House Speaker Kevin McCarthy (R-Calif.), the top Republican in Congress, apparently wants nothing to do with Sen. Tommy Tuberville (R-Ala.) holding up hundreds of U.S. military promotions.
During a press gaggle outside the speaker's office on Sept. 18, in response to a question from The Epoch Times about his stance on Mr. Tuberville's decision to hold up about 300 military promotions, Mr. McCarthy pointed to a sign above the entrance to his office that reads "Speaker of the House" on the top line and "Kevin McCarthy" on the bottom.
"That means I'm in the House, not the Senate," Mr. McCarthy said.
However, House Republicans have expressed both support and opposition to the move preventing confirmation of the promotions, which requires unanimous consent.
"We [want] to recognize and acknowledge the tremendous courage of Senator Tuberville and his efforts and to let him know that, while he's been leading the charge, reinforcements are right here in the House, and the rest of the Senate should be motivated to help him in that effort as well," Rep. Scott Perry (R-Pa.), chairman of the hardline conservative House Freedom Caucus, said on July 14.
House Foreign Affairs Committee Chairman Michael McCaul (R-Texas) told CNN on Sept. 10: "The idea that one man in the Senate can hold this up for months. I understand maybe promotions, but nominations?
"I think that is a national security problem and a national security issue. And I really wish he would reconsider this."
In order for the Senate to confirm the promotions, the usual voting process of cloture and a final roll call would be required. Senate Majority Leader Chuck Schumer (D-N.Y.) has said that he wouldn't do that and that the onus is on the Republicans to get Mr. Tuberville to release his holds.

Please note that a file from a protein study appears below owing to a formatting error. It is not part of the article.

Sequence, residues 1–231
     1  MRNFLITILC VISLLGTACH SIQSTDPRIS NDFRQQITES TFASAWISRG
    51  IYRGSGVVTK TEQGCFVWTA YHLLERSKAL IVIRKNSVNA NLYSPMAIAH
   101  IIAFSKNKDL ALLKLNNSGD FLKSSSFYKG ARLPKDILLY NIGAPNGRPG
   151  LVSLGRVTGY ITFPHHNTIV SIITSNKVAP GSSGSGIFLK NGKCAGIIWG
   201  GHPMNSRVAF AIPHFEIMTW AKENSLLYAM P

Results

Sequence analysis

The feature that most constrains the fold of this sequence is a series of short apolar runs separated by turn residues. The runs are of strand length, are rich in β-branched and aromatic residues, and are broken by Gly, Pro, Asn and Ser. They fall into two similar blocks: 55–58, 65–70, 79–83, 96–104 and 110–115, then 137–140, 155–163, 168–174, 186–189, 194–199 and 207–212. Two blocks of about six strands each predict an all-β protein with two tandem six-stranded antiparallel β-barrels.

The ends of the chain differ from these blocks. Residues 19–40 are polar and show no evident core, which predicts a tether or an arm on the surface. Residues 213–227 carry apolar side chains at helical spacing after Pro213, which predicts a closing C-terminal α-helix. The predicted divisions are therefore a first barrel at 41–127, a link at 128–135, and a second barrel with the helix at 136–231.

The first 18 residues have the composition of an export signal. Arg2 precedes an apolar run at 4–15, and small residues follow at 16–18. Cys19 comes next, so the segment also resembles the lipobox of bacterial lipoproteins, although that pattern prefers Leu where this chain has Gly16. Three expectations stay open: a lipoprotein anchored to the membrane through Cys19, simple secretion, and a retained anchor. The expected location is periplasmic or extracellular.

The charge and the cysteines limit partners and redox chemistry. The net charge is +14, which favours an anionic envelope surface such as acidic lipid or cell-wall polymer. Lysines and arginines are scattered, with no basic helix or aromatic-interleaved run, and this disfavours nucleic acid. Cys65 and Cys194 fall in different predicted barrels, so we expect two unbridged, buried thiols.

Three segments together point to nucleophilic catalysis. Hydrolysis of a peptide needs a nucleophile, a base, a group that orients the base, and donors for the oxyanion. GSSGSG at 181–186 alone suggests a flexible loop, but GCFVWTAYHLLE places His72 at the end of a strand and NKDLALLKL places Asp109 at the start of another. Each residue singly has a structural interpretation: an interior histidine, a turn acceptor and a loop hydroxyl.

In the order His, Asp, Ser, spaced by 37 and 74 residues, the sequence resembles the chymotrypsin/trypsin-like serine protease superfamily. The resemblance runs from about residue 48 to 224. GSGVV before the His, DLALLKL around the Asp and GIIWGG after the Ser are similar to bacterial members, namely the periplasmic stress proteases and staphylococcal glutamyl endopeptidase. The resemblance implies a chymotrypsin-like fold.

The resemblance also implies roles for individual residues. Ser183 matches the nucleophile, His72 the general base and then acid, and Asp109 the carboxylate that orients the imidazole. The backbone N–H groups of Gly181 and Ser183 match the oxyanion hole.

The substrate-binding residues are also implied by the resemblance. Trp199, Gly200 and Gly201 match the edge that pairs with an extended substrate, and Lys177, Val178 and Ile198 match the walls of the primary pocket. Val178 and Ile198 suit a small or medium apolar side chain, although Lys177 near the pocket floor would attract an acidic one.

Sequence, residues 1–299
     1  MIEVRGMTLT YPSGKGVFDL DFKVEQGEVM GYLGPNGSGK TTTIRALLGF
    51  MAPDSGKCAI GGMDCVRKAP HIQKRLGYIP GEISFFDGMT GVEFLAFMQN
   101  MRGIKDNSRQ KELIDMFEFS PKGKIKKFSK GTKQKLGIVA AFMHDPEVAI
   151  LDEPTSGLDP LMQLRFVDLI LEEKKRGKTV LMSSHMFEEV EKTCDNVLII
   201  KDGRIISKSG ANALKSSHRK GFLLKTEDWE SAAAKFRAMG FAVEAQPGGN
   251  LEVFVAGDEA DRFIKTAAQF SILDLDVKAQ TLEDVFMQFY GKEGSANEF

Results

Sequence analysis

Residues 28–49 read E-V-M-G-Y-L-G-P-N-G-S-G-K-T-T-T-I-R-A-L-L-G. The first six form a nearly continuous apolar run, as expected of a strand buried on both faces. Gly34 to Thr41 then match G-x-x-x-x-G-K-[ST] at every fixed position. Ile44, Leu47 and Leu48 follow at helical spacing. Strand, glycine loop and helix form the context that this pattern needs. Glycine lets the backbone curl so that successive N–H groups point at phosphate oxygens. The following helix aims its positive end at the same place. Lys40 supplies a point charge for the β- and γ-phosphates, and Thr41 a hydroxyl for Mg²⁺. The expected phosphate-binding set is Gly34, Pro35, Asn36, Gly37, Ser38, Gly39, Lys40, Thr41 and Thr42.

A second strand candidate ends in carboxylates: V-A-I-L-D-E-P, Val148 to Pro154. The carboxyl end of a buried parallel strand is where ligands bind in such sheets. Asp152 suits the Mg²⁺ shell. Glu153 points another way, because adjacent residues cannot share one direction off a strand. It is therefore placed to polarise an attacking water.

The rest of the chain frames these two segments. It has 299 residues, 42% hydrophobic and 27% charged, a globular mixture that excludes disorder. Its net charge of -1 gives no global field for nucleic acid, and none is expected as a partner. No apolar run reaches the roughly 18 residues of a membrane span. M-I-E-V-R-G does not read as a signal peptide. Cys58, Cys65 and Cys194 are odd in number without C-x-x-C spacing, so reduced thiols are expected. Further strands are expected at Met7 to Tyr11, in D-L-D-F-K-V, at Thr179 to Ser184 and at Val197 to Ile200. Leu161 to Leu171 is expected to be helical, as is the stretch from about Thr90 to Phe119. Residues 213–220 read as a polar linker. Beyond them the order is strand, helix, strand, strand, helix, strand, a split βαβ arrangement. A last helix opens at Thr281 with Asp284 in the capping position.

Navy Secretary Carlos Del Toro, Army Secretary Christine Wormuth, and Air Force Secretary Frank Kendall wrote a Washington Post opinion piece, published on Sept. 4, criticizing Mr. Tuberville's holds.
"Placing a blanket hold on all general and flag officer nominees, who as apolitical officials have traditionally been exempt from the hold process, is unfair to these military leaders and their families," they wrote.
"And it is putting our national security at risk."
Mr. Tuberville told The Epoch Times that he read the piece and that Mr. Del Toro should have called him instead of criticizing him in the media.
"I mean, that's not gonna help anything. You know, I've actually had a job in my career, and I know for a fact, if you've got a problem, you go to the source. And don't go through anything else," said Mr. Tuberville, who previously coached college football. "And so that was very unfortunate that we had somebody in administration do that to a United States senator."